Vials of a brain-liberating serum are of vital importance here, and so is getting revenge on Dreykov — although they're really just the gadgets and goals that help reunite not just Natasha and Yelena, but also their ex-foster parents. Alexei, Russia's first super soldier, has slid from prominence, while Melina has fared better; however, they're all soon trying to break into Dreykov's Red Room training camp. There's an unmistakable air of Bourne and Bond to Eric Pearson's (Godzilla vs Kong) script, and to the story by Jac Schaeffer (WandaVision) and Ned Benson (The Disappearance of Eleanor Rigby) he's working with. Moonraker especially comes to mind in Black Widow's visuals and action setpieces, too. But this deftly satisfying flick doesn't trade the MCU's blueprints for other franchises' templates, thankfully. With Cate Shortland in the director's chair, it spins a thoughtfully weighty story about women trapped at the mercy of others and fighting to regain their agency. If that sounds familiar, that's because the Australian filmmaker has a history with these types of notions thanks to Somersault, Lore and Berlin Syndrome.
The first solo female director in the MCU, Shortland proves a savvy pick to guide Black Widow, and not only because she's in her thematic wheelhouse — or because her past films have all been about young women and their connections, as this Marvel instalment is as well. When it comes to action, she directs intense and suspenseful yet always fluid scenes. When the movie gets interpersonal, including during a memorable dinner table exchange where Natasha and Yelena demand answers from the closest thing they've ever had to a mum and dad, Shortland finds the ideal balance between raw emotion and rich character interplay. The film finds humour also, and repeatedly. Yelena's jokes at her sister's expense are a light but disarmingly realistic touch, and they always play that way. Their banter persistently reads that way, in fact. As Alexei, Harbour is given room to get goofy as well, and it never feels out of place — even in a feature with a deep vein of poignancy pumping through its frames, particularly when it comes to the childhoods that Natasha and Yelena didn't get to have.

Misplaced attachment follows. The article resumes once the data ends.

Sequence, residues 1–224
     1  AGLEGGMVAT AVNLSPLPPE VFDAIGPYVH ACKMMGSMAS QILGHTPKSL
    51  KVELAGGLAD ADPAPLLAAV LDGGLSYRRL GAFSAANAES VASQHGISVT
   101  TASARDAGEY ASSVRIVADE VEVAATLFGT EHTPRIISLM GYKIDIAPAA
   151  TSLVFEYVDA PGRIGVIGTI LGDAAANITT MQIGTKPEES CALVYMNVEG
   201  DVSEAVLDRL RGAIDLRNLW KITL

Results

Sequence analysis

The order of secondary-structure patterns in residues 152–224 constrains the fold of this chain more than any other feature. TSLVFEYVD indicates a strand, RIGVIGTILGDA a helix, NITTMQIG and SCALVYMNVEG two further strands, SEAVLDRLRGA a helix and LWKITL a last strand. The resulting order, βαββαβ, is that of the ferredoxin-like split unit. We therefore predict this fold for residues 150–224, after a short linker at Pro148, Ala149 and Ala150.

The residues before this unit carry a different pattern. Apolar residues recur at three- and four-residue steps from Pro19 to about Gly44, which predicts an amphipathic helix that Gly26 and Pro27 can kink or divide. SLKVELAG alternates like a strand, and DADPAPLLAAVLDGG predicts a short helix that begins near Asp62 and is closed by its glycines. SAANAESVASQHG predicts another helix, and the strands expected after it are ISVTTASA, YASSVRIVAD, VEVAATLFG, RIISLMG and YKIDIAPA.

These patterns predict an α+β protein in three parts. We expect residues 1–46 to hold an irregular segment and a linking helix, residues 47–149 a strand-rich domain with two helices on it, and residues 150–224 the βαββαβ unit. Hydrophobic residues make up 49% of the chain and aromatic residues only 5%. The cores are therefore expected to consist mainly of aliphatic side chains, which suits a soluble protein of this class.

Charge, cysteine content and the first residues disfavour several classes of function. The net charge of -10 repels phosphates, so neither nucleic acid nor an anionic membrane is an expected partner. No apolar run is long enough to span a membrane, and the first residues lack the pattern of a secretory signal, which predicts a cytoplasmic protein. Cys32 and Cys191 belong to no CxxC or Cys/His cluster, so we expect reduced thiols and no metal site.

Using a breathy female cover of 'Smells Like Teen Spirit', frenetic fight-scene editing that's occasionally too quick for its own good, and Winstone's unconvincing Russian accent: these are among Black Widow's rare missteps. Thoroughly deserving her time in the MCU spotlight after 11 years and eight prior big-screen appearances, a flame-haired Johansson relishes the long-awaited chance to give Natasha more depth than she's ever been afforded — and, in a generous performance, she also sparks with and bounces off of the always-impressive Pugh, who just keeps going from strength to strength (see also: Lady Macbeth, The Little Drummer Girl, Fighting with My Family and Midsommar). It doesn't need to, and it didn't spend an entire feature threatening to, but if Marvel somehow found a way to pair these two together again, it'd be more than welcome. If it keeps genuinely trying to push aside its usual formula and do more than extend its brand, that'd be welcome as well. Luckily for audiences, it's definitely handing the reins to another female filmmaker again, and soon — and now Chloe Zhao's Eternals can't come quickly enough.
Top image: Photo courtesy of Marvel Studios. ©Marvel Studios 2021. All Rights Reserved.